In theory, animal rights advocates are all abolitionists – we all want all human-responsible animal suffering to end right now. The difference in one crucial assumption is where the false divide between gradualism and abolitionism begins. We must totally change the relationship between the two concepts.
Both are ultimately descriptions of two slightly different things that are not really opposites. One is the tangible end result, but the other is the practical means to the end. One is a goal; one is an action plan how to get there.
The abolitionist part of ourselves don’t want to say that oppression of a slightly lesser degree is morally acceptable – they are correct that it is totally unacceptable. However small increases in care and increased consideration are way-points on the path of progress towards animal liberation.
Gradually we will come to recognise the moral and most optimal way to behave is to treat all living things will basic respect. Once we have established basic animal rights a wider awareness-shift will gradually bring about the conditions where society will be capable of accepting the most significant and most difficult ideas to digest as a current meat-eater: veganism, animals as people, animal rights.
However these possibilities are not unlocked until we move as a society to a closer, more caring and compassionate culture. To get there we also need to make more progress towards a less consumerist, capitalist) system of finance and economics so that we are compassionate enough to care adequately about others, over our our obsessive self-interest.
The argument depends upon what we mean by gradualism. Welfarism in itself doesn’t necessarily include animal freedom in its objective, however welfarism is nonetheless still a beneficial force, pulling our mindset towards a more compassionate stance towards animals, paving the way for the more difficult truths to be embraced by society: that animals are relatively self-aware; they value their lives as much as you or I do; they may not be able to have advanced intellectual abilities, however they are king in their own specific evolutionary niche; they have their own umwelt, their own emotional and sensory perceptions and experiences of life.
If we look to all great social causes, it is evident that justice naturally prevails – how long depends on the size of the barriers to progress to overcome: psychology, tradition, culture; how much work is put in; how significant each small piece of contribution to learning; fighting legislative change.
It is important to remember that whilst in our hearts we are all abolitionists – more than anything we must accept the reality that all great social improvements have only come after long, painful, bitter struggles of decades or even hundreds or thousands of years. Whilst our society is far from healthy and far from being alleviated, gradually the small progress we make will slowly compel us to see reason.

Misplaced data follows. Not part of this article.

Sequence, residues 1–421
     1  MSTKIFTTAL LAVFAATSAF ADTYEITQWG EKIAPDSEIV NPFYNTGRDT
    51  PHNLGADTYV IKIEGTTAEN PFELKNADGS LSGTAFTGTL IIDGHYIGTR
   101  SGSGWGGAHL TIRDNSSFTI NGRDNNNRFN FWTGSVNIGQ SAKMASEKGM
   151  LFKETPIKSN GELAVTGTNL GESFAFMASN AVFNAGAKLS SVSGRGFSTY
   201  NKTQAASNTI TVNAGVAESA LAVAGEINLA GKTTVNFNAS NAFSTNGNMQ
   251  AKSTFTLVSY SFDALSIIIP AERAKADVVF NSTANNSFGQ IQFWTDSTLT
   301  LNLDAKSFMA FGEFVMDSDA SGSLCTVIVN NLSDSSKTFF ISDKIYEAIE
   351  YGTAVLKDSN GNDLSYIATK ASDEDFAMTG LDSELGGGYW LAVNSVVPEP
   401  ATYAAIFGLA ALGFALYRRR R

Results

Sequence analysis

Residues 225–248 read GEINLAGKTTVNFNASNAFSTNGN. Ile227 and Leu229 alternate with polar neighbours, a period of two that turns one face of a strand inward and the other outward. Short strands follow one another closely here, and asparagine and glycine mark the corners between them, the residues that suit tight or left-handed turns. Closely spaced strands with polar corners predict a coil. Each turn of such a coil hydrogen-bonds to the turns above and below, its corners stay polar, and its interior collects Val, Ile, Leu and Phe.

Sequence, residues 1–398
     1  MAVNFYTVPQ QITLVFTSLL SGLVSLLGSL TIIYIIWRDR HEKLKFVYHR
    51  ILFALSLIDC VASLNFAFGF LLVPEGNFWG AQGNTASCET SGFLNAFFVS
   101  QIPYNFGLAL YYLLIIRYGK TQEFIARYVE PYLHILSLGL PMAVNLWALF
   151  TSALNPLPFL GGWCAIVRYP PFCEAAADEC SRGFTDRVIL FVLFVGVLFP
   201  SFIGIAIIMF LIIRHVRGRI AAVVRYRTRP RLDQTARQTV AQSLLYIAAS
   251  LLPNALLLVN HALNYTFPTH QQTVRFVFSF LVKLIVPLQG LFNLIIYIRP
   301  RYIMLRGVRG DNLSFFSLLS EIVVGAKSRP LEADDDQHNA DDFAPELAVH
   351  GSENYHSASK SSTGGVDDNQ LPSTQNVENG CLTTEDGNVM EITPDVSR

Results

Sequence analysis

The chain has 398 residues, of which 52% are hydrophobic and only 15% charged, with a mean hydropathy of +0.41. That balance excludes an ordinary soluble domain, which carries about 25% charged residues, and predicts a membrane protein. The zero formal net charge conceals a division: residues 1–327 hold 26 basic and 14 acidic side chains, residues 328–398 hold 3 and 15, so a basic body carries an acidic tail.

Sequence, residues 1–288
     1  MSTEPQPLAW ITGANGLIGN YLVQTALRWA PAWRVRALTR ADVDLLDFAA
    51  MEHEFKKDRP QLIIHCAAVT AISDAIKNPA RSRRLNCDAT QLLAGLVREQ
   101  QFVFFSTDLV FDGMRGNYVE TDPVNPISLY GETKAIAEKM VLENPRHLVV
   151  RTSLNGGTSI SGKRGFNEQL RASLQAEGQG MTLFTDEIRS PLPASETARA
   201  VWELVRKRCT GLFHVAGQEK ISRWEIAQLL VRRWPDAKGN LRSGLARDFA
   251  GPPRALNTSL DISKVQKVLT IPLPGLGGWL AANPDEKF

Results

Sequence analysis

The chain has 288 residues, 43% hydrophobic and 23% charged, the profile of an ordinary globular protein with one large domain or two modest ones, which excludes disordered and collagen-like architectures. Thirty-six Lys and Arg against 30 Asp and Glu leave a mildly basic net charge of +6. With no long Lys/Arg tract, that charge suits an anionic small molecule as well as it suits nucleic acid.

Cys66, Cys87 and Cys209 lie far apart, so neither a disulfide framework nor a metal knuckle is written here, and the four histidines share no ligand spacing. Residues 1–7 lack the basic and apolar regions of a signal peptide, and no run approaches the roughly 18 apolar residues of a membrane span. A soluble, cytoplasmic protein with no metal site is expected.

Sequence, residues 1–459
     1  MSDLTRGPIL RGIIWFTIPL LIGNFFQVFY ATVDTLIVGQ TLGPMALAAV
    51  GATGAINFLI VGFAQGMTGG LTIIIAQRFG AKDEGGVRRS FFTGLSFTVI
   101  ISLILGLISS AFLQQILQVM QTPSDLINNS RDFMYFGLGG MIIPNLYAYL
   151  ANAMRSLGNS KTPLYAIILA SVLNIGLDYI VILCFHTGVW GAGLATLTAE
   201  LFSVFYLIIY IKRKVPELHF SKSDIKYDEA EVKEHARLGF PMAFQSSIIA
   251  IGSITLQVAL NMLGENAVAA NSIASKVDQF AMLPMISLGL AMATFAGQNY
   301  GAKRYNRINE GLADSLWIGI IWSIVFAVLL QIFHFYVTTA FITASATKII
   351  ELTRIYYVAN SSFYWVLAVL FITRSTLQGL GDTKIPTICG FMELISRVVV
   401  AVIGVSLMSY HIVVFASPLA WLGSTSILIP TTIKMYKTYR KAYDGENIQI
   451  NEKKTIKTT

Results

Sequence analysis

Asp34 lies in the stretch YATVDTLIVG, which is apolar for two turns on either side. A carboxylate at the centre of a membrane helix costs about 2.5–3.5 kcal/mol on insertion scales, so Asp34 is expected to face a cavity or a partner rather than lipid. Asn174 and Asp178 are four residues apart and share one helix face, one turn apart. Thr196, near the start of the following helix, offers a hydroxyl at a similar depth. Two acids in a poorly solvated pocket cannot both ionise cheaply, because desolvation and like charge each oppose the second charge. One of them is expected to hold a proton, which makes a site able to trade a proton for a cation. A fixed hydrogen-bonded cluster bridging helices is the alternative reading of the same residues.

This doesn’t mean to say that abolitionism is incorrect or that gradualism is better – these things should are not comparable – not opposite positions, rather two parts of the same journey forward. Gradualism is simply a description of the reality of the nature of change and progress. Like it or not, justice in the sense of basic animal liberty worldwide is not going to happen in the next 10 years. It would be amazing if we could grant this in the next 1 year. Another year is another 70billion+ killed for food unnecessarily as well as those uncountable number of beings killed by our environmental sins and our planet will be more populated and more polluted.
Tragically however, this is going to continue for another several years at least – accepting a gradualist approach is necessary. We all desire abolition as soon as possible; however demand for outright abolition is too much too soon for a public that on the whole has little to no idea of the critical concepts in question. Education is the key to success.
The entire spectrum of animal movement – all definitions of animal lovers – all share the same, most fundamental conviction: that animals, on some level, deserve respect and compassion. Depending on whether you are talking to a welfarist animal farmer or the most committed vegan, there is a wide spectrum of differing views. Crucially however, we all agree on the same basic premise: that a more compassionate society is necessary and that animals deserve a certain level of respect and freedom.
If more people were respectful towards animals and society became even slightly more compassionate, it will create more favourable conditions for the reception of larger changes, biggest challenges such as restructuring the economy in the post-animal emancipation period. Eventually we will become more open to harder-to-accept ideas – such as the assertion that morally and practically we should not be consuming animals at all.